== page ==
Treating Children and Adolescents with Posttraumatic Stress Disorder: Moderators of Treatment Response

Bre Anne A. Danzi, Annette M. La Greca

Research output: Contribution to journalArticlepeer-review

2 Scopus citations


Youth exposed to a wide range of potentially traumatic events, such as natural disasters, acts of violence, terrorism, motor vehicle accidents, and life-threatening illnesses, are at risk for developing posttraumatic stress disorder (PTSD) or significant posttraumatic stress symptoms (PTSS). Recent reviews of the existing evidence-base for the treatment of PTSD in children and adolescents identified trauma-focused cognitive behavioral therapy (TF-CBT) and cognitive behavioral therapy (CBT) as well-established treatments. However, studies that evaluated treatment moderators have been scant. Research on treatment moderators is important for guiding clinical decision-making around selecting treatments that might be most effective given the characteristics and circumstances of a particular child or adolescent. Thus, this article provides an updated review of potential moderators evaluated in recent (i.e., past 5 years) meta-analyses and systematic reviews of psychological treatments for PTSD in youth. The moderators examined were in the areas of youth characteristics (age, gender, ethnicity, domicile), parent/caregiver factors (involvement, functioning), trauma type, and treatment factors (dose, individual/group, provider, exposure elements, sudden gains). Some support was identified for age, gender, domicile, parent/caregiver involvement, maternal depressive symptoms, treatment dose, individual/group, and sudden gains as possible treatment moderators, although the strength of the evidence varied and more research is needed to clarify findings. Further study of moderators will be essential to advance the knowledge base in the treatment of PTSD in youth.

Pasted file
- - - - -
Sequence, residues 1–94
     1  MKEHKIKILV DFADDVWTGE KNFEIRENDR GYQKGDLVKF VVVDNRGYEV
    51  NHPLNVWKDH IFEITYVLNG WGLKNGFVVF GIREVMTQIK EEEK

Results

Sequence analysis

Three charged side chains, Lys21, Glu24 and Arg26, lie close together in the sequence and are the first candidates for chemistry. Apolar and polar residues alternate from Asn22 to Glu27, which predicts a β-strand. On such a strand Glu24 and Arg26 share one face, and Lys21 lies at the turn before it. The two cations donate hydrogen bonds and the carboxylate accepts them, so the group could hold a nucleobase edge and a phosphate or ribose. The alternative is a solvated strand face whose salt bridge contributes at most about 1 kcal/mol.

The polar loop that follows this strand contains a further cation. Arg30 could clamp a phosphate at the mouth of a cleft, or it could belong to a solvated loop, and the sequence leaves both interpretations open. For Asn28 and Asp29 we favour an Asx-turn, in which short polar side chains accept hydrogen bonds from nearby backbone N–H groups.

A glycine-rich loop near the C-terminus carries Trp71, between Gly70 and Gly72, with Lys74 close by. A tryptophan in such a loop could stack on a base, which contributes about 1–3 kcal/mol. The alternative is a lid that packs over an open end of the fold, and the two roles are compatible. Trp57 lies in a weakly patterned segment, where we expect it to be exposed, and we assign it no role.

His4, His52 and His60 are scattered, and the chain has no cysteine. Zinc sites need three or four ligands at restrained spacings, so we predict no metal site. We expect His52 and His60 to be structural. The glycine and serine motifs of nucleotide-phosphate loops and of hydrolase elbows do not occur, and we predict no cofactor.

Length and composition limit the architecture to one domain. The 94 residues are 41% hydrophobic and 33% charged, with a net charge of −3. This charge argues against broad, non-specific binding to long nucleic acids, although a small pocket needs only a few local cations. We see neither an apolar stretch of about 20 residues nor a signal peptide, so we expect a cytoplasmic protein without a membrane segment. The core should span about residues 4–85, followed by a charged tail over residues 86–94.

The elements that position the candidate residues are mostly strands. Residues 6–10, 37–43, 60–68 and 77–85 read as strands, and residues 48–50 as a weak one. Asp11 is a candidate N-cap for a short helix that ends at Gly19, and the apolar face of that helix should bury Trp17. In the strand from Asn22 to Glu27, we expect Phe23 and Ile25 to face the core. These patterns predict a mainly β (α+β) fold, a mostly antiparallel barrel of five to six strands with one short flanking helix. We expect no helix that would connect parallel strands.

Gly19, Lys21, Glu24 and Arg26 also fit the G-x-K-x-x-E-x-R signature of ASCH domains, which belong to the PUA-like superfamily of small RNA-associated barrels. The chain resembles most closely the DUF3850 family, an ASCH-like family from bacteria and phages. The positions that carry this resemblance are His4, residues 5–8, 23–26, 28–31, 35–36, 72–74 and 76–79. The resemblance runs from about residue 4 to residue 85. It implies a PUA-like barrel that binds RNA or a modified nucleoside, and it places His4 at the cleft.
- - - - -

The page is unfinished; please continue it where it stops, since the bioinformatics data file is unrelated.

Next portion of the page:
Original languageEnglish (US)
Pages (from-to)510-516
Number of pages7
JournalJournal of Clinical Child and Adolescent Psychology
Issue number4
StatePublished - 2021

ASJC Scopus subject areas

  • Developmental and Educational Psychology
  • Clinical Psychology


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